Thursday, December 19, 2013

Quick Cut Review - "Identity Thief"

Directed by:  Seth Gordon
Starring: Jason Bateman, Melissa McCarthy, Robert Patrick and Genesis Rodriguez
Rated: R
Runtime: 1 hour 51 minutes  
Release Date: February 8, 2013

Identity Thief was a breakout hit earlier this year, which given the drivel we had shoveled out to us at that time isn't too hard to understand how that happened. But there was another key factor to this equation that launched what likely started out as a very unassuming road trip comedy into a blockbuster hit. That of course is addition of Melissa McCarthy, who has been on a hot streak ever since her appearance in the highly overrated Bridesmaids.

While the film itself isn't horrible or a complete waste of time, it does in fact provide concrete proof that McCarthy is the "it" actress at the moment. Why? Because without her celebrity, most would have written this off as just another screwball buddy comedy that tries way too hard to make us laugh and in doing so becomes even less funny. Aside from the talented and extremely underrated comedic stylings of her costar Jason Bateman, everything in this film screams been-there-done-that.

The only thing separating this film from those countless other road trip movies is its admittedly interesting premise of this low life woman stealing people's identities (a very topical subject matter) and how much harm her careless attitude causes Bateman's character. However, for anyone who has ever been the victim of identity theft (which this reviewer has), it isn't a laughing matter and that is where the film truly falls apart in regards to its numerous attempts at trying to humanize McCarthy's self indulgent and extremely unlikable character.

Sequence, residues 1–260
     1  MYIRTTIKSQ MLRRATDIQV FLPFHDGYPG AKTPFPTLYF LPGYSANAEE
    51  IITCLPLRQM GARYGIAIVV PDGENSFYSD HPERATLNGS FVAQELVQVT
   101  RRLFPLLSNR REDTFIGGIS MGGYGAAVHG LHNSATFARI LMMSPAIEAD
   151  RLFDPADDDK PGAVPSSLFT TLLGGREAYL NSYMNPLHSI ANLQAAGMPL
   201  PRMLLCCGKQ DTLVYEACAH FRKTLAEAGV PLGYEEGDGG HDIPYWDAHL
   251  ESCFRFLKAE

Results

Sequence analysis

Bateman's character has all the sympathy in the world and when he finally gets her in custody, what should be a comedy about a guy trying to piece his life together by turning in the evil witch that destroyed it for him while sipping margaritas and going on a shopping spree with his credit cards instead becomes this bonding buddy picture where by the end we are supposed to feel empathy for her character. This situation is as ludicrous as feeling bad for someone who kidnapped your family and held them ransom simply because they had a hard life (or in this case didn't know their real name).

The only minor saving grace for the film is the undeniable chemistry between Bateman and McCarthy who clearly had a fun time while making the film. Plus, its hard not to get a big grin on your face whenever you see McCarthy get ran over by a car, flipped around inside a tumbling van and otherwise beaten to hell. If only the filmmakers didn't try to pull on our heartstrings and make us feel bad for this woman (who subsequently makes Bateman into an identity thief as well), then this would have been a far more enjoyable little film.


While there are certainly both much better and much worse examples of this sort of comedy, it isn't offensive (unless you count its surprisingly dirty mouth) and anyone who is fan of either of its two lead actors will find some mild enjoyment from it every now and then. Unfortunately though there isn't much more to it than that. Perhaps if it had handled the actual story of an identity thief with a bit more weight and truly villainized McCarthy's character, then this would have turned into something a little more unique and worthwhile. As is stands now though, its worth a rent if you are curious.


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